Code Inside a Virtual Machine

You should try working on coding projects inside of a virtual machine (VM). It's a practice I started a few months ago when a text editor I liked was only available in Windows. What I found was running a VM for code gave me a kind of "playground" for my projects where I could try some things I may not want bogging down or messing up my main system.

Virtualization is not just a Mac thing. If you run Windows, you can very easily run another version of Windows inside of VMware Fusion Workstation or Oracle's VirtualBox.

Multitasking Mess

The coding projects I start tend to make a mess on my desktop and documents folder throughout the course of the day. My workflow generally consists of the following:

  • Working on an actual, production project involving coding
  • Studying / experimenting with new programming methods and languages
  • Non-code related work tasks that require the use of my regular Mac apps (Mail, Outlook, Word, etc.)

What started happening was the files for these projects were spilling over to each other and things started haphazardly landing on my desktop, which is a big no-no for me.

 This is bad

This is bad

Now I keep two separate VMs- one for testing out code and one for actual projects. So now if I start cluttering a desktop, it's not my actual desktop.

Pause the Madness!

This is kind of an OCD thing, but when I shut my computer down at the end of a work day, I must close out all of my applications first. I don't want to boot-up the next morning only to find yesterday's chaos. The exception to this, however, is my code projects.

Here you can see I have quite a few things going on- there's my editing platform, Chrome developer window, file explorer, and Firefox running for standard browsing. But because they're inside of a VM, I can simply pause the whole session before I shut down my machine and resume exactly where I left off.

This is perfect. And it also frees up my main OS apps for other tasks. Since coding can quickly become a creative endeavor, it's important to compartmentalize your workflow. When I get on a roll with a great idea and have to pause for other work, the ability to dive right back in where I left off is paramount.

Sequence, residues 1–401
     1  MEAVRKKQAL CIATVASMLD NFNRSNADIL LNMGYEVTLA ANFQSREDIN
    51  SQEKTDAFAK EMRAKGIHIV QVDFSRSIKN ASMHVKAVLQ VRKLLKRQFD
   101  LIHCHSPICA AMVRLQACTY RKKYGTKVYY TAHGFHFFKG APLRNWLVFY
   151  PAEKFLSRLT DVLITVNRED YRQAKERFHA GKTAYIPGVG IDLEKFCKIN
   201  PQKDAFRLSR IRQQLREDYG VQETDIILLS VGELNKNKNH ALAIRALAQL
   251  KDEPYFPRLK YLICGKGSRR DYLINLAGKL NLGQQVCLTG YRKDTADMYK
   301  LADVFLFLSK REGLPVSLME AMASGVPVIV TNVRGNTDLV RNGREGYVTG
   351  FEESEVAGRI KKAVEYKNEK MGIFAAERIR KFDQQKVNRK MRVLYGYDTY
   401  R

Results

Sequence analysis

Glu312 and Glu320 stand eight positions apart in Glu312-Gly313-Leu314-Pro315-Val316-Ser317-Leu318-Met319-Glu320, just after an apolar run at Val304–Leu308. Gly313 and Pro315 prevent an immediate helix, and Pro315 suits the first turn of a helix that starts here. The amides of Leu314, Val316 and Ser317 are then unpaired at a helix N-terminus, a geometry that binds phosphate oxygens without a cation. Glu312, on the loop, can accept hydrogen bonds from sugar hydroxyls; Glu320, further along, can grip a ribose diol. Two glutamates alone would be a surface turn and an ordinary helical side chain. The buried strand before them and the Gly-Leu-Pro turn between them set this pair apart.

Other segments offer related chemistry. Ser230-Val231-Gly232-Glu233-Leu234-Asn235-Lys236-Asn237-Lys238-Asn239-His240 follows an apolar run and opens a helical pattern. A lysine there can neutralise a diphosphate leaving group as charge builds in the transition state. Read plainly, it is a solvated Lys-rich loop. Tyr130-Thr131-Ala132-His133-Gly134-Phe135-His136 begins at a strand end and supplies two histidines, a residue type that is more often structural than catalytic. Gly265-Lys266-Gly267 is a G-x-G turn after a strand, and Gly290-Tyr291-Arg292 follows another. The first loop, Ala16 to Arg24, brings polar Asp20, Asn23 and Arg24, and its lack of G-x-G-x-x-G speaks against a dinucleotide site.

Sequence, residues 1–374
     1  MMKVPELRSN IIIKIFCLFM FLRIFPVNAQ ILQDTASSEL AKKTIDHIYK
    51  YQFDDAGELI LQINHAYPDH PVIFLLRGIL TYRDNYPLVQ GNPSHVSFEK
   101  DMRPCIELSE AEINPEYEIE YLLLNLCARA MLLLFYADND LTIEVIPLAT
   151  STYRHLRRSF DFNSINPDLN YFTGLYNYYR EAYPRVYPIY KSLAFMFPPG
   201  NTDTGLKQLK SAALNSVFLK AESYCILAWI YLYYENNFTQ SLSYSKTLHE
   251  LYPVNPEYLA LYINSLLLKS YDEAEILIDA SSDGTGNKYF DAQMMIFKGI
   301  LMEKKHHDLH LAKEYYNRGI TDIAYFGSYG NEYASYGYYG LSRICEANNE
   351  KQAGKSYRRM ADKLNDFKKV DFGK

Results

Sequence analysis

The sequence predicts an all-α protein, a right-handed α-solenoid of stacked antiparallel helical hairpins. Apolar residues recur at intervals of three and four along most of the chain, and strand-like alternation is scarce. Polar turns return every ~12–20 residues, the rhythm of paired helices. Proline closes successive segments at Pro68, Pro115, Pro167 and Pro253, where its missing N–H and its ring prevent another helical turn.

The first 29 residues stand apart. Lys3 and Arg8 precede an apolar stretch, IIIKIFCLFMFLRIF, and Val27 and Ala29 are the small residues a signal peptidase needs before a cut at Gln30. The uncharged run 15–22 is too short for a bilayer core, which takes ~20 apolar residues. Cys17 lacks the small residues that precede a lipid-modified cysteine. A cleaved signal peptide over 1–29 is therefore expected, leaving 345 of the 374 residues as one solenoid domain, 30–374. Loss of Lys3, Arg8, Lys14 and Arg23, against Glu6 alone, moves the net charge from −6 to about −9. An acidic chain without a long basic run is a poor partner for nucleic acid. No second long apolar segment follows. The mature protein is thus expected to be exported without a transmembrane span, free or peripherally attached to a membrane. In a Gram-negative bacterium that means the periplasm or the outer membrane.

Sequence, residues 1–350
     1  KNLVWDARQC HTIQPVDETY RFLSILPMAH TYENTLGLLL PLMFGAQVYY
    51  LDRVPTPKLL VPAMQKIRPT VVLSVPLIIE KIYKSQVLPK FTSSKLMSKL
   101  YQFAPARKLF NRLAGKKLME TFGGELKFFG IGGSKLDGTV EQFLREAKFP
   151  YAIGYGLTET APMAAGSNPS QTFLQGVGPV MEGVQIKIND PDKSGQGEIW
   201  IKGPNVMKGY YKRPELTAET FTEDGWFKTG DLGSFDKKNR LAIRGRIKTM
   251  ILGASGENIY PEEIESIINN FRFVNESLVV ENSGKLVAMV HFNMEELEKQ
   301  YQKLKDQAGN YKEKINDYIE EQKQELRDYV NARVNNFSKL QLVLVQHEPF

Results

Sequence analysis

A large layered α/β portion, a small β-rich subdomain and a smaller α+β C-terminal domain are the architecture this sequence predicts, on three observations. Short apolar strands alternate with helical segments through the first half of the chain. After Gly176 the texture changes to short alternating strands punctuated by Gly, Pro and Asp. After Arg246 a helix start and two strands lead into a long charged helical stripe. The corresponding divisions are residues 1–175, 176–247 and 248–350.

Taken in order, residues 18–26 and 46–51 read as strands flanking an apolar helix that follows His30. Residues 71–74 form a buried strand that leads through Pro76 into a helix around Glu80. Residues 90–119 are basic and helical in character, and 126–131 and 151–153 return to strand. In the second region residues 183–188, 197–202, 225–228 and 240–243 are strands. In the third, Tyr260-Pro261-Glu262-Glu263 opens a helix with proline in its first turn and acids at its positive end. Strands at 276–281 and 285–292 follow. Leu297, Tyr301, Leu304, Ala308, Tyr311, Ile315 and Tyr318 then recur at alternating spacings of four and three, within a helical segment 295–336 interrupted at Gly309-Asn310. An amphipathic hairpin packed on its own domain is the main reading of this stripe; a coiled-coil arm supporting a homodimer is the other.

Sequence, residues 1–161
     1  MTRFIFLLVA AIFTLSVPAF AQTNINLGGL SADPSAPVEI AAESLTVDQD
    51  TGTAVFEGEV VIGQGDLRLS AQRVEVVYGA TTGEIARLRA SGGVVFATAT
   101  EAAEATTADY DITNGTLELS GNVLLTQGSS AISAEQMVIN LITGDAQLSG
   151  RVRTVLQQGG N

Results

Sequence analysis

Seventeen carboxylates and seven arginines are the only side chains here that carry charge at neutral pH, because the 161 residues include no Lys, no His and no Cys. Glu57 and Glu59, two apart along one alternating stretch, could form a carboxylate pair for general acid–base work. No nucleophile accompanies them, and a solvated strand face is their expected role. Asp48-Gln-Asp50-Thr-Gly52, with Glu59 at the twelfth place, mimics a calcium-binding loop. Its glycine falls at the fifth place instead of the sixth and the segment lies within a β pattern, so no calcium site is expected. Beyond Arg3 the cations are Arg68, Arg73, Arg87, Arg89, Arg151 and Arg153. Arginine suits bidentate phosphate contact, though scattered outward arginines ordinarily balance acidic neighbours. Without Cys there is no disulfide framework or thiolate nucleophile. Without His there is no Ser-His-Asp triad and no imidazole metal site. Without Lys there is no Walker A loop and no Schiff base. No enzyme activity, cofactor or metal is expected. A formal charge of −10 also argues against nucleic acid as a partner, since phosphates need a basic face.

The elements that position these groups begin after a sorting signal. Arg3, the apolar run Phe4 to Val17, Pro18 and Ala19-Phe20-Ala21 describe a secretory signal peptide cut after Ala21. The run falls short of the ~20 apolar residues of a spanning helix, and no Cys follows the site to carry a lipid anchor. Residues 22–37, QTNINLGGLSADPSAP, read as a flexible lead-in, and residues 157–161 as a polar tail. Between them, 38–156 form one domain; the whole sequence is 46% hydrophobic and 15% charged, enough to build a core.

Too much power?

So now that I shared this amazing secret with you, we'll take a look at the technical aspects of running it all. Here's a breakdown of my rig and how I allocate everything:

13" MacBook Air : Core i7, 8GB of RAM and 512 GB SSD - this is my main workhorse. At my desk, it connects to a 27" 2560x1440 Dell ultrasharp display. The 8GB of RAM is what makes time travel possible... oh wait, that's the flux capacitor. The 8GB of RAM allows me to comfortably run more than one VM at the same time.

Parallels Desktop 11- for running the VMs. I started running Windows XP on a Macbook Pro with VMware Fusion in 2006. After that I moved to Parallels and then back to Fusion and have bounced back and forth almost every year since. They're both great products for running VMs and have such a similar feature set that it pretty much doesn't matter what you use. I'm using Parallels this time around simply because I'm running an early release of Mac OS X and the new version of Parallels that supports it came out first.

Screen Shot 2015-09-13 at 5.44.49 PM.png

Windows 7- still my favorite version of Windows. I use this VM for most coding projects. I edit with Notepad++ which is one of my favorite text editors available. The fact that it's only available on Windows is what got me started down this route in the first place.

Windows 8 (soon to be upgraded to 10)- my secondary VM. I really only boot this guy up when I need to begin a second coding project and I don't want to disturb anything in Windows 7 land. It's also where I get to play around with some Visual Studio projects and tinker with the modern Windows UI.

In both cases above, I allocate 2GB of RAM to each machine. Because I usually only run one at a time, the Mac OS is still left with plenty of RAM for other tasks. And if I do need both at the same time, then that means 4GB goes to VMs and Mac still gets 4GB. I can live with that. I also use Chrome in both systems to compile and debug.


When I first showed this workflow to one of my colleagues, he was puzzled, not understanding why I'd go through the trouble of a VM for essentially what is a text editor. And he's not wrong. If you have a modest system (Windows or Mac) and feel it doesn't need the extra weight of a VM then skip it. There's no reason you can't code without it. But if you find yourself in situations where your projects are quickly becoming overwhelming, it might not hurt to try putting them in their own little sandbox.